Legislators, ecologists, and medical and public health professionals became worried about environmental exposure to mercury in the late 1990s , especially from fish consumption. The U.S., with greater attention to documented and possible damaging consequences of such exposures, In 1999, the Food and Drug Administration (FDA) ordered drug makers to disclose the amount of mercury in their products.
The findings of mercury in thimerosal vaccines met the FDA recommendations for sensitivity to mercury present in seafood. Mercury in fish occurs in the form of methylmercury, which in the human body is not easily metabolised and excreted. It is understood that it induces damaging neurological symptoms at some degrees of high exposure.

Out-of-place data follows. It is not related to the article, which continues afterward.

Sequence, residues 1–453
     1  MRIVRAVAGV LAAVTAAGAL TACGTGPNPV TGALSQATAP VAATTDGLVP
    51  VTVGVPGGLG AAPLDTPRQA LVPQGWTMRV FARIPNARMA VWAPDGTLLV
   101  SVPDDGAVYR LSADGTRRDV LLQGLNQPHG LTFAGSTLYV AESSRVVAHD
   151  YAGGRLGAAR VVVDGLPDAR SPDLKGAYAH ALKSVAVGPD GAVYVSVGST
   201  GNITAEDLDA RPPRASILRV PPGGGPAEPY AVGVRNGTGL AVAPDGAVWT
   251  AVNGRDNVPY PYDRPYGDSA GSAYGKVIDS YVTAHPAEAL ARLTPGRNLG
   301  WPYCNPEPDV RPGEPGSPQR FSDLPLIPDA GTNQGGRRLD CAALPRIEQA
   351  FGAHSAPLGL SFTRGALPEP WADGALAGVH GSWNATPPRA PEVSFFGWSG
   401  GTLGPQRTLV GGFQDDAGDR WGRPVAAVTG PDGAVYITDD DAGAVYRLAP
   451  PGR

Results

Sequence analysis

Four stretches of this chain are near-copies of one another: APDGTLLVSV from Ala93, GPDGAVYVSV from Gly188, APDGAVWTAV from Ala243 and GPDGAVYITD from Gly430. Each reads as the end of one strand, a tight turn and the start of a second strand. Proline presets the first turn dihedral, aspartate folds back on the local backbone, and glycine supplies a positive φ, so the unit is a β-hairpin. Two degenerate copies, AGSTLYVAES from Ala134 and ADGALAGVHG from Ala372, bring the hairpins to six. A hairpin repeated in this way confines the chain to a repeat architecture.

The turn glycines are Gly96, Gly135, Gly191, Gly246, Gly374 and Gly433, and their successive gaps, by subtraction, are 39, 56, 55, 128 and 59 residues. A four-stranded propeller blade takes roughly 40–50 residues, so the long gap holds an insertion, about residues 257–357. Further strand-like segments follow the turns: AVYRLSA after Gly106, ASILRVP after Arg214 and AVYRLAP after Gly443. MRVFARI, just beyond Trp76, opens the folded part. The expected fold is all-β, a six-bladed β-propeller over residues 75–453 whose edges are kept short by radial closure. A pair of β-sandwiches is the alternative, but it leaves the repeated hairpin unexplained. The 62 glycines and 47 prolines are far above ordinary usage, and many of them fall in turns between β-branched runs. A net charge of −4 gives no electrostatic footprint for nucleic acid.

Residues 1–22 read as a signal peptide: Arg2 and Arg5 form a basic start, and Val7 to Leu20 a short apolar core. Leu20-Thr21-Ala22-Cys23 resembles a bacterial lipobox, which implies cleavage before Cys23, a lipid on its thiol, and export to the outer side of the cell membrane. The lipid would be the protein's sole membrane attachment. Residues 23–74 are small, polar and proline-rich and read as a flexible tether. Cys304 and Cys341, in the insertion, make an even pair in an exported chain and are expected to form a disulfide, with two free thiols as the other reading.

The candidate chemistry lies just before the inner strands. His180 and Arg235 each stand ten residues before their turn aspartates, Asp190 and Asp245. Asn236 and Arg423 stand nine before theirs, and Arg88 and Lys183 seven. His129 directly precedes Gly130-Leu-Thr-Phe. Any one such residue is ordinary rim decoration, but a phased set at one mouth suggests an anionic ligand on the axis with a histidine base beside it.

The FDA has a dilemma: no guidelines were made regarding sensitivity to ethylmercury quantities. Should the recommendations on methylmercury be extended to ethylmercury? Is there reason for alarm about mercury toxicity in infant vaccines?
Along with the American Academy of Pediatrics and other organisations, unable to address these concerns instantly, they worked on vaccine makers to limit or avoid the use of thimerosal in vaccines. In addition, experiments were designed to investigate whether there were adverse effects on the level of mercury in vaccines in children exposed to them.
At this point, critics and others were concerned about the efficacy of thimerosal, positing that autism could be the result of mercury toxicity in vaccines. A thorough safety review of the topic was conducted by the Institute of Medicine. Currently, thimerosal is therefore no longer used in several paediatric vaccines, although the preservative may contain certain formulations of influenza vaccine available in multi-dose vials.